How States Could Improve Online Options & Save Money

A new paper written by four Stanford Students, in coordination with Digital Learning Now and The Stanford Public Policy Program, outlines a framework for states to solicit and select providers of online and blended learning services. It builds on the innovative Louisiana Course Choice model and “presents a coherent payment mechanism for supplemental courses that incentivizes quality student outcomes and forms the basis for practical and adaptive state level policy.”

The paper, A Framework for Selecting Quality Course Providers at Competitive Prices , was authored by three Stanford students–Scott Ferron, Paige Gonye, Adeeb Sahar, Kyle Vandenberg–with the guidance of Professor Alvin Roth, a Stanford Professor of Economics and Nobel Laureate, leaders in the online education field, and state officials responsible for implementing course choice programs.

As full and part time online learning expands, “an emerging problem confronting state policymakers and education leaders is determining what states should pay for a specific course as part of an offering of supplemental courses.” This is particularly true if, like Louisiana, the state opens the process to blended courses and student support services delivered onsite.

Some early course choice models use a common fee for courses. The largest provider of part time online learning, Florida Virtual School, was initiated with half the reimbursement based on completion–but it was the same price for every course and for a number of years they were the only statewide supplemental provider.

A single provider models limit options for students and, as the paper argues, a fee-for-service model may exclude some full service providers while encouraging low cost providers to overcharge. Given this tension, the authors “created a framework using a sealed bid auction to identify quality providers at competitive prices and to reward providers that promote student success.” The framework includes 7 steps:

  • State issues a Request for Application: the request could be broad or targeted (e.g., math, special education);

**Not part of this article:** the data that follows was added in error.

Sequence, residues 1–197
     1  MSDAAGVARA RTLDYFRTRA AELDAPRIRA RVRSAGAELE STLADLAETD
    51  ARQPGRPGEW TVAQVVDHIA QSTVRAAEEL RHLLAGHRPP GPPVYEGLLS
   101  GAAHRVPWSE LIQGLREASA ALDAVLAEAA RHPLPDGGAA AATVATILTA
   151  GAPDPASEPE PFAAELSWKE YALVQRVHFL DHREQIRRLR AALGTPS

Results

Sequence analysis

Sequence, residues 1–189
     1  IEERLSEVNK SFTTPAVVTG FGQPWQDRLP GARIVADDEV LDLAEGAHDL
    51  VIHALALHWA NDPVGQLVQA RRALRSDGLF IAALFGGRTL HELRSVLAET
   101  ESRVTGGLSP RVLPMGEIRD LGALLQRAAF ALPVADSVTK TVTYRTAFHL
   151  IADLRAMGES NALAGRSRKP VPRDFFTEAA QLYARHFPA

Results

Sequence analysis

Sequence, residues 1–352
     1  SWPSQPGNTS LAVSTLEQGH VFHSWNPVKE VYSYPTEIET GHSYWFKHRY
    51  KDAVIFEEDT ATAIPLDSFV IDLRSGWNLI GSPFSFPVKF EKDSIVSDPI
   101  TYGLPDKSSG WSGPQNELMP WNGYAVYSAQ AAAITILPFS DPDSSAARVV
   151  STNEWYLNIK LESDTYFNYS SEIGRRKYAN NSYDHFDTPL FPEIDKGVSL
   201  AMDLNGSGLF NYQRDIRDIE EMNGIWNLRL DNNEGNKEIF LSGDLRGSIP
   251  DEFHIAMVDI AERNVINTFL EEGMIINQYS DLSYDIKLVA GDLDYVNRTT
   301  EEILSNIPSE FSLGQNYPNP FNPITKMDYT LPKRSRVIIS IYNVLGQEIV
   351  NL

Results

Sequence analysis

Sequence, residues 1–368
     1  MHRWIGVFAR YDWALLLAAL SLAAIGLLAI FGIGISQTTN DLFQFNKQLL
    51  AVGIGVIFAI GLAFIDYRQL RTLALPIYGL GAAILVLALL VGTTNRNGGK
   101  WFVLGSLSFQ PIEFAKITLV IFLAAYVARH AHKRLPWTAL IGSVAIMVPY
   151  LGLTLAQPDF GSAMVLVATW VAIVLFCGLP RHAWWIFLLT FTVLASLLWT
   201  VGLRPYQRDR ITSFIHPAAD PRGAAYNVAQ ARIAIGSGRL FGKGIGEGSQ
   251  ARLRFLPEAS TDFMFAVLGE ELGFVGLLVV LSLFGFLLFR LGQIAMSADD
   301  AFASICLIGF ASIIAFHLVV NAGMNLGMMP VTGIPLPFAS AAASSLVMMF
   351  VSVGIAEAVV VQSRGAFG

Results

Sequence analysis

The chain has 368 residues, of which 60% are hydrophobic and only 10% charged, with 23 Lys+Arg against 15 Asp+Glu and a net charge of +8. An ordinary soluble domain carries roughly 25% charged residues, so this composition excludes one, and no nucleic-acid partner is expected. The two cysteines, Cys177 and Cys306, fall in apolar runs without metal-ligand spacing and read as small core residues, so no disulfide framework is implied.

• Providers submit course applications;
  • State conducts quality review: using iNACOL standards and emulating Louisiana’s four-step process for assessing and approving course providers;
  • State invites qualified applicants to submit sealed bids: applicants submit bids for base pay (up front) and incentive pay (on successful completion); state may or may not set a price ceiling; and
  • State reviews bids: reviewers consider total price and breakdown of base and incentive; and
  • State Offers Agreements to Provider(s).

Winning providers then compete on perceived quality to maximize their enrollment.

The authors suggest the following potential benefits of this auction model:

  • Equity of Access: more student access to vetted courses;
  • Targeted Approach: states could target specific topics or school populations and incentives make it more likely that providers will provide targeted supports to struggling students;
  • Quality Incentives: providers will focus on completion rates;
  • Educational Accountability: a portion of the compensation is based on the performance of individual students;
  • pay-for-performance;
  • Cost Savings: states could share savings with district which could reinvest in core programming;
  • Adaptability: states can adjust variables to meet specific goals; and
  • Districts Benefit: fill gaps in hard to staff subjects and encouraging effective teachers to extend their reach by offering courses.

This framework represents an advance in thinking about soliciting and selecting providers of supplemental courses and services. This model would work bests for single payer market like Louisiana. It could work under a Utah or Texas model too but would be more complicated since the payment would be coming from the district. The paper notes the challenge many states will face in timely data (i.e., test scores and student evaluations).

The paper proposes a system that would encourage bids weighted toward payment on completion. This would provide a great performance incentive but it could inadvertently screen out small providers (e.g., the teacher providers approved as statewide providers in Louisiana) that can’t afford the working capital requirements of delayed payment.

The paper also notes the need for each state to determine how to enroll students across online courses, how to assess a provider’s impact on student learning, and how to allocate the incentive pay to providers based on their bids.

Any state or district considering expanding access to part time online learning (also called a la carte or self blending) need to consider guidance, transcript management, and support systems–how they work, how they are funded, and how they span multiple providers.

Digital Learning Now and FLVS are Getting Smart Advocacy Partners.

Tom Vander Ark

Tom Vander Ark is the CEO of Getting Smart. He has written or co-authored more than 50 books and papers including Getting Smart, Smart Cities, Smart Parents, Better Together, The Power of Place and Difference Making. He served as a public school superintendent and the first Executive Director of Education for the Bill & Melinda Gates Foundation.

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